Five more Inspirational Women…

    Five more Inspirational Women…

     Today, March 8th, is the day we celebrate the achievements of women throughout history and support the continuing push for women’s equality of opportunity in every country around the world.

    International Women’s Day has been celebrated for over a century, the first event being a 1908 march by 15,000 women in New York City who were demanding shorter working hours and better pay. The event, IWD, was officially recognised by the United Nations in 1975 and is now marked in over 80 countries worldwide. The day belongs to women in every community and every organisation, is a chance to refocus on fundraising for women’s charities and the theme for 2022 is ‘Gender Equality for Today for a sustainable Tomorrow’.

    A gender equal workplace and community is one of our core aims here at HDN, as we strive to combat bias and stereotypes. And, let’s face it; there is no shortage of female role models to show just what can be achieved by women. You’ll have your favourites from history and contemporary times, but indulge me here as I give a shout out to five of the greatest women ever to walk the planet and who have led the way in healthcare, science, politics and culture.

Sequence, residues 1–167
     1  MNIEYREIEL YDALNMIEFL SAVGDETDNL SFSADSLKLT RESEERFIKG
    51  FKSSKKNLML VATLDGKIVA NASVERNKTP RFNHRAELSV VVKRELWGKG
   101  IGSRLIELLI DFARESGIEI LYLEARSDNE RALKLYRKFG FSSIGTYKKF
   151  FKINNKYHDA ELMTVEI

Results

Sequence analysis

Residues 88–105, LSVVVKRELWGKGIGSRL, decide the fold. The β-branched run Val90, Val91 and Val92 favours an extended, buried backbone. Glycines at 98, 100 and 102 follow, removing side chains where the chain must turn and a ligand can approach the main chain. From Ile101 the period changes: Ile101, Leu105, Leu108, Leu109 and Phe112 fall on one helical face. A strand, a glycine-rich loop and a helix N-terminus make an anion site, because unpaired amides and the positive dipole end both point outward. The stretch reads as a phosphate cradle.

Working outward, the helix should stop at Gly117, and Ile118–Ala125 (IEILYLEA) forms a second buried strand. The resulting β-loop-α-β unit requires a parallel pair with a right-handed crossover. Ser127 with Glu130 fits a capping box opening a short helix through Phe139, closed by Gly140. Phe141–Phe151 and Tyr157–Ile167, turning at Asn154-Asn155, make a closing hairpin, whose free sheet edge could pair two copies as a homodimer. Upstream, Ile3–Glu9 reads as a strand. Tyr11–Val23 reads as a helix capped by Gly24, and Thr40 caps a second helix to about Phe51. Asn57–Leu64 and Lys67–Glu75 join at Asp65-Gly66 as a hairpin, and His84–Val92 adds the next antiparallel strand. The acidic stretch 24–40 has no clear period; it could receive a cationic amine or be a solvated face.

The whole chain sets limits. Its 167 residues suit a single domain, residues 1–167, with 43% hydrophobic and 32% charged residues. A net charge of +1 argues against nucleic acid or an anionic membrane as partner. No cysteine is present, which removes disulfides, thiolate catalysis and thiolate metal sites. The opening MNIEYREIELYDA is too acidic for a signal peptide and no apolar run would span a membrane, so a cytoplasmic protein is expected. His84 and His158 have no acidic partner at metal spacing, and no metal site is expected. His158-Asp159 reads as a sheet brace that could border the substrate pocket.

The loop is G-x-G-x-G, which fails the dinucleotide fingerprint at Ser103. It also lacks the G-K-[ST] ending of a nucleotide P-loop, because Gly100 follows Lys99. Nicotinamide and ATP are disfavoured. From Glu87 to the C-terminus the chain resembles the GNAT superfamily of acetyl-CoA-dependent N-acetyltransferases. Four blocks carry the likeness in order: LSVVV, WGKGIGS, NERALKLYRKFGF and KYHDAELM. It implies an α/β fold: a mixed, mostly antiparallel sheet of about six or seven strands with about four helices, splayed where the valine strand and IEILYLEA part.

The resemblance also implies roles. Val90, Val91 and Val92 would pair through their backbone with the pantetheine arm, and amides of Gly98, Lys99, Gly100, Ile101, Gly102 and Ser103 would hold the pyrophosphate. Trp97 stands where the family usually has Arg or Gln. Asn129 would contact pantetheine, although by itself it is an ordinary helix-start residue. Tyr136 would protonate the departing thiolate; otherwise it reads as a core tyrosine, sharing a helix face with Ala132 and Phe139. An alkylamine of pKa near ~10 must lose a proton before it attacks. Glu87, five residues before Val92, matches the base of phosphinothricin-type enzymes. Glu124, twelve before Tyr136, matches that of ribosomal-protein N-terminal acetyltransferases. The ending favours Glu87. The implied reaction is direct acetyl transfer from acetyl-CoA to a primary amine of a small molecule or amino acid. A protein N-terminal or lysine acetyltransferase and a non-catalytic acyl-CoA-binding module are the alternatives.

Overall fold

Serving in the Crimean War 1853 to 1856 nurse Florence Nightingale, the lady with the lamp totally changed the role and perception of the nursing profession. Her treatment of wounded soldiers transformed nursing from a purely caring profession to one which has material impact on every aspect of life, from war to commerce.

    Around the same time American activist Susan B Anthony began campaigning in the US temperance movement, against slavery and for women’s rights, and she quickly came to realise the importance of voting rights for women. She toured the length and breadth of the United States and made the single biggest difference in the advancement of women over a century ago.

    Over here in Europe, at the turn of the 20th century, Polish/French scientist Marie Curie became the first woman to win the Nobel Prize and then the first person to win the award in two separate categories, firstly for her research in radioactivity in 1903 and then for her study in Chemistry in 1911. In later work, her research helped to develop the first X-Ray technology.

    In the middle of the 20th century Rosa Parks famously refused to give up her seat on a bus in Montgomery, USA, and inadvertently led to some of the biggest changes in civil rights legislation in the country. A modest, peaceful campaigner, Parks’ quiet and dignified insistence to stand up for her rights was, and still is, an inspiration to activists worldwide.

    Here and now in the 21st century a generation has grown up reading the works of JK Rowling, the global best selling author of the Harry Potter series of books. Rowling increased the enthusiasm of children and adults to read, doing more for literacy than countless educational policies and, as a single mother; she has been a vociferous and strong advocate of women’s rights.

    Take a look at some of the world’s challenges right now and I can’t help thinking we need more women making the big decisions.

    Happy International Women’s Day everyone!

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